Syria: Russian pilot of downed jet ′killed himself′ with grenade | Middle East| News and analysis of events in the Arab world | DW | 05.02.2018
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Syria: Russian pilot of downed jet 'killed himself' with grenade

A Russian pilot who was shot down in Syria has been posthumously honored after reportedly killing himself with a grenade. Russian warplanes have been ordered to fly higher as they intensify attacks in Idlib.

The Russian pilot who was shot down in Syria at the weekend committed suicide with a grenade before he could be captured by Syrian rebels, the Russian defense ministry said Monday.

Russian authorities have now lionized the pilot's death, seizing a propaganda victory from Syrian rebels who dramatically shot down the Sukhoi Su-25 jet involved in a major push into Idlib province. 

Read more: UN warns of humanitarian disaster, displacement in northwest Syria

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Syrian rebels down Russian fighter jet, kill pilot

A last stand

  • After taking heavy fire, Major Roman Filipov ejected and parachuted into a rebel stronghold in Syria's northwestern Idlib province, Russia said.
  • Severely wounded, Filipov opened fire on incoming militants with his service weapon before killing himself with a grenade as they closed in, according to Russia.
  • An unverified video released by rebel-linked Youtube channel "Idlib Plus" purported to show about 10 fighters closing in on Filipov as he sheltered behind a rock.
  • In the video, what sounds like small arms fire is followed by someone shouting in Russian "this is for my boys." Immediately afterwards, what looks to be a small explosion sends fighters scrambling and a small plume of smoke into the air.
  • The Russian Defense Ministry posthumously awarded Filippov the title of Hero of the Russian Federation.
  • Russian media reported that Syrian and possibly Russian special forces were trying to retrieve his body, and to find out who supplied the anti-aircraft weapon to the rebels.

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'Criminal invaders'

A spokesman for al-Qaida-linked rebel group Hayat Tahrir al-Sham, said the downing was retaliation for Russia's bombing campaign. "This is for the criminal invaders to know that our skies are not a picnic for them and they cannot cross through without paying the price," Mahmoud Turkistani said in comments carried by the Ebaa news agency, an outlet seen as close to the rebel group.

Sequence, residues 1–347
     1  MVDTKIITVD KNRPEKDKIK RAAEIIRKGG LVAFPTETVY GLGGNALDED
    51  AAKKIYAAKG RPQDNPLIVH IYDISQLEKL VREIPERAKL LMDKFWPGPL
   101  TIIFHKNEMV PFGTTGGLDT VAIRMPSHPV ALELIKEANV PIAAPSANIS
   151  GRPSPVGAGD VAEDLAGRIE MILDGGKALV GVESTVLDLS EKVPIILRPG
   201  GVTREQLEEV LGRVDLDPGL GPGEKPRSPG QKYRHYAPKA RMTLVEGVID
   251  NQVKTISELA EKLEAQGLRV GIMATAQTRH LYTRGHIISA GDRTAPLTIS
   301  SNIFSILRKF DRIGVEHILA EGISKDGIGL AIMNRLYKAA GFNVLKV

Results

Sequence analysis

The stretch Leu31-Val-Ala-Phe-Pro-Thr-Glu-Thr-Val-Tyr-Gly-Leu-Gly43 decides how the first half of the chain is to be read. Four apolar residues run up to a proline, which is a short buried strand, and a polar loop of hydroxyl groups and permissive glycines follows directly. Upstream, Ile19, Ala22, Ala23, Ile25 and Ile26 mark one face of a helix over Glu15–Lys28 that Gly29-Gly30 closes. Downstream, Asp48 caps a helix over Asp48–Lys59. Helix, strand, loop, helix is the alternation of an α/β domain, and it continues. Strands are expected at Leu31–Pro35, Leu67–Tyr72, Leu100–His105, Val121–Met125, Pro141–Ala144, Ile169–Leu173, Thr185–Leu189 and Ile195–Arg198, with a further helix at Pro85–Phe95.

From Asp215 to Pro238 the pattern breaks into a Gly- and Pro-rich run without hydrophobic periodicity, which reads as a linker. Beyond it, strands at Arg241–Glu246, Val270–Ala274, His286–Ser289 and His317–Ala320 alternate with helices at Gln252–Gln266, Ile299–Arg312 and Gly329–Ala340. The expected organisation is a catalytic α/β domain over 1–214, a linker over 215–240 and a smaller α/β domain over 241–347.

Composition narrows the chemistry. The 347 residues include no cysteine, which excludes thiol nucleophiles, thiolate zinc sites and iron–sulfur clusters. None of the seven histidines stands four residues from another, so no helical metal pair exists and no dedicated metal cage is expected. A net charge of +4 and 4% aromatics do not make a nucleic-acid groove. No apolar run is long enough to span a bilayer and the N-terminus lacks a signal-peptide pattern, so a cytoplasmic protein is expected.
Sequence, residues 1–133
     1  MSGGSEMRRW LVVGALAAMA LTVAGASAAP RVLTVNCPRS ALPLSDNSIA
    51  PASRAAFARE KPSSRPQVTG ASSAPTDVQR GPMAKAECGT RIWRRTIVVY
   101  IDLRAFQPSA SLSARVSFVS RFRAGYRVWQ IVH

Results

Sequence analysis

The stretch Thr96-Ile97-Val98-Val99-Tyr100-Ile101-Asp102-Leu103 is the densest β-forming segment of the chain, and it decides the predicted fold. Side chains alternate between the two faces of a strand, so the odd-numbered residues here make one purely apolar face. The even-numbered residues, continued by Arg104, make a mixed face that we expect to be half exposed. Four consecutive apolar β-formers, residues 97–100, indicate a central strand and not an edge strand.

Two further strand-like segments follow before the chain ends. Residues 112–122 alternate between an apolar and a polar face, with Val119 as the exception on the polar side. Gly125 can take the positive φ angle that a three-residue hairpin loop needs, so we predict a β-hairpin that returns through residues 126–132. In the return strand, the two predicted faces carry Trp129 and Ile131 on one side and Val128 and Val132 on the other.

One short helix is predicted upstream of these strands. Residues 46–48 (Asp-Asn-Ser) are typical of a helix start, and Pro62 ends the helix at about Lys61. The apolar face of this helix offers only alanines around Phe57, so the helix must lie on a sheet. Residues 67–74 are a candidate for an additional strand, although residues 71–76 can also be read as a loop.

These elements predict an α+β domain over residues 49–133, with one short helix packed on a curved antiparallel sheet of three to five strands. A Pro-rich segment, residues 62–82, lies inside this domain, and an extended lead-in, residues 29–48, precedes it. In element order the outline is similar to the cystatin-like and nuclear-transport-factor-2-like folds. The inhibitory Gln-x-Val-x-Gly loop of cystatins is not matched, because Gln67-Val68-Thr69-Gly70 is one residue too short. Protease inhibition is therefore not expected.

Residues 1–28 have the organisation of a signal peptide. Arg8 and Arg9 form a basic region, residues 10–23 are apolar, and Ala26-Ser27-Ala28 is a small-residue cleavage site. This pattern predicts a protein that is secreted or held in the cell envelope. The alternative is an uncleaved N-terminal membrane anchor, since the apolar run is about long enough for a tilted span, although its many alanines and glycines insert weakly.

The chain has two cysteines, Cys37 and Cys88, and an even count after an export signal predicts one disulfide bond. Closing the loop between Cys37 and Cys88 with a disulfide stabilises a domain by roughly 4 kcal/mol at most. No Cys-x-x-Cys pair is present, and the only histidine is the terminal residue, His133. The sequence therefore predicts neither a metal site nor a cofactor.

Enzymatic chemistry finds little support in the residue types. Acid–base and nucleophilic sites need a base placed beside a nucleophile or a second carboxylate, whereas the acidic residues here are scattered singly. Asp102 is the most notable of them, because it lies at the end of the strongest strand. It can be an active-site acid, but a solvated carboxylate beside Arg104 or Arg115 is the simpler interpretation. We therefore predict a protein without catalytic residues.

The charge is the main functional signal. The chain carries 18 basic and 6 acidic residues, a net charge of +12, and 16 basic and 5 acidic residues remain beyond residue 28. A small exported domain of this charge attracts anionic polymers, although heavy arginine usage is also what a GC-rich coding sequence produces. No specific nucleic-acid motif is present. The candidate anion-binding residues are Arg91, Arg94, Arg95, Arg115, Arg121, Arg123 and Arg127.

"The pilot died heroically," said Kremlin spokesman Dmitry Peskov. "We are proud of our heroes." Russia intitially said that Islamist rebels had killed Filipov. 

Peskov also said: "It's extremely worrying that shoulder-launched surface-to air missiles are in the hands of the terrorists."

Read more: Are Turkey and Russia at odds in northern Syria?

Why are Russian jets in Idlib? Idlib province is one of the last rebel-held bastions in the country. Syrian government forces, backed by Russian air support and Iranian arms, have intensified their offensive there in recent months and days. Rebel-held areas have been targeted in at least 50 airstrikes since early Saturday, according to an independent monitoring group, the Syrian Observatory for Human Rights.

Who are Hayat Tahrir al-Sham? Hayat Tahrir al-Sham (HTS) are a Salafist jihadi alliance led by the al-Qaida linked al-Nusra Front. In recent months they have ousted more moderate rebel groups from Idlib. Hundreds of thousands of people displaced by Syria's seven-year-old civil war are also living in Idlib.

How did HTS shoot the jet down? According to Russia, the plane was most likely hit in its right engine with a heat-seeking missile shot from a hand-held launcher, such as a Soviet-designed Strela or an American Stinger. The jet was probably flying close to the ground, and since the incident Russia has ordered its warplanes in Syria to fly higher.

Read more: Syrian civilians treated for 'suffocation' after Saraqeb airstrikes

aw/rt (dpa, Reuters, AFP)

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